Placed in wooden drawers prior to serving keeps the noodles fresh and chewy thanks to moderate humidity and ventilation.
Typical Chinese-style noodle vendor carts in Saigon are covered in red or dark brown paint and made of wood. They are decorated with glass mirrors with Chinese characters painted on to their surfaces. An array of drawers store fresh batches of noodles.
Lac Vinh Cham, 38, the third generation owner of a 60-year-old family noodle cart on Xo Viet Nghe Tinh Street of Binh Thanh District, said this method of storing noodles was passed down from his grandfather and father. Noodle drawers are installed just within reach of the seller for convenience.
Not having enough people to make noodles like in the past, Cham orders fresh noodles, and when they arrive in plastic bags he immediately removes them and puts them in the wooden drawers of the cart.
“If the noodles stay in plastic bags for a long time, they will become soggy and broken,” he said.
A vendor cart with many drawers to store noodles in Saigon. Photo by VnExpress/Tam Linh.
Wooden vendor carts selling Chinese-style noodle soup used to be located on sidewalks along the streets, some keeping to fixed positions. Nowadays, many old noodle soup brands in Saigon have built spacious eateries but still retain their old noodle carts to serve as kitchens.
Vendors usually make noodles right on the spot, only boiling them once customers arrive.
The traditional Chinese noodles are made from eggs, flour and lye water. Chefs knead the dough carefully, roll it out, then use a machine or their hands to cut them into thin strings. Each restaurant or manufacturing facility has their own recipe.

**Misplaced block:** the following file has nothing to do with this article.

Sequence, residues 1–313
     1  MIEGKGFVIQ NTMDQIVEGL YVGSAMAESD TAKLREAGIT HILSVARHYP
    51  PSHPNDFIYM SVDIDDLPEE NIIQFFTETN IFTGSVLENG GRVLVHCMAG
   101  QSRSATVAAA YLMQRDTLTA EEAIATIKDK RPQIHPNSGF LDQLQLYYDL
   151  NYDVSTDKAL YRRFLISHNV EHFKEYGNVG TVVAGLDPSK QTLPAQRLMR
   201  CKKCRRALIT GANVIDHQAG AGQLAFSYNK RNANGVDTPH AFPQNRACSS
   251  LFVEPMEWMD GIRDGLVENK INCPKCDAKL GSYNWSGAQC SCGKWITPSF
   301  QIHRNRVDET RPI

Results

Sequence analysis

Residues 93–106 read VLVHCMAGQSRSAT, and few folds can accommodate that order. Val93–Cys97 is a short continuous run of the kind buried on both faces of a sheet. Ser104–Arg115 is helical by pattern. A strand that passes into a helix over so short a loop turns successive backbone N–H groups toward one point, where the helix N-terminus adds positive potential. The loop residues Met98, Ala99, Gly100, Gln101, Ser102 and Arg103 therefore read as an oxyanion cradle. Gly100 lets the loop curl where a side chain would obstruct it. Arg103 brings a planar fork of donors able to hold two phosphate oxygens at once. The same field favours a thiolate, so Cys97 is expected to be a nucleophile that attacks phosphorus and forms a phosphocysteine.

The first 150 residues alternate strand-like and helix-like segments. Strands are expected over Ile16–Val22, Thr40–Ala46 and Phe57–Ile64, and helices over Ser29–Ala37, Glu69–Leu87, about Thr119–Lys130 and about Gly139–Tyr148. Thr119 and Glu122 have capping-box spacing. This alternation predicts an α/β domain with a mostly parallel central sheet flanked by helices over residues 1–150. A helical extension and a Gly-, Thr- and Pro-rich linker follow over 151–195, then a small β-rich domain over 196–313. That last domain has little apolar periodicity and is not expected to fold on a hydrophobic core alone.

Minh Hoa, the owner of Chan Phong Restaurant, has made and sold noodle soup for decades at 182-184 Ton Dan Street, District 4. The 61-year-old boss stressed using the ratio of 8 eggs to 1 kg of flour, instead of 2-4 eggs as usual, to give the noodles more color and flavor.
Wonton noodles at Chan Phong Restaurant. Photo by VnExpress/Di Vy.
Ha Quang, a 70-year-old man of Chinese descent in District 5, said: “Having eaten at many noodle shops, I only remember a few addresses where noodles are delicious, soft, unbroken and can satisfy both adults and children.”
Some places for noodles lovers to try are A Phun noodle cart (Alley 30, Nguyen Canh Chan Street, District 1), Madam Xuan (20A Ky Dong Street, District 3), and Chan Phong (182-184 Ton Dan Street, District 4).
There are not many people or establishments specializing in building traditional wooden noodle vendor carts left, although it is not difficult to see an old vendor selling Chinese-style noodle soup and some other Chinese dishes in Saigon.
These Chinese-style noodle vendor carts in Saigon, whether sophisticated or simple, have been doing their job for at least a lifetime.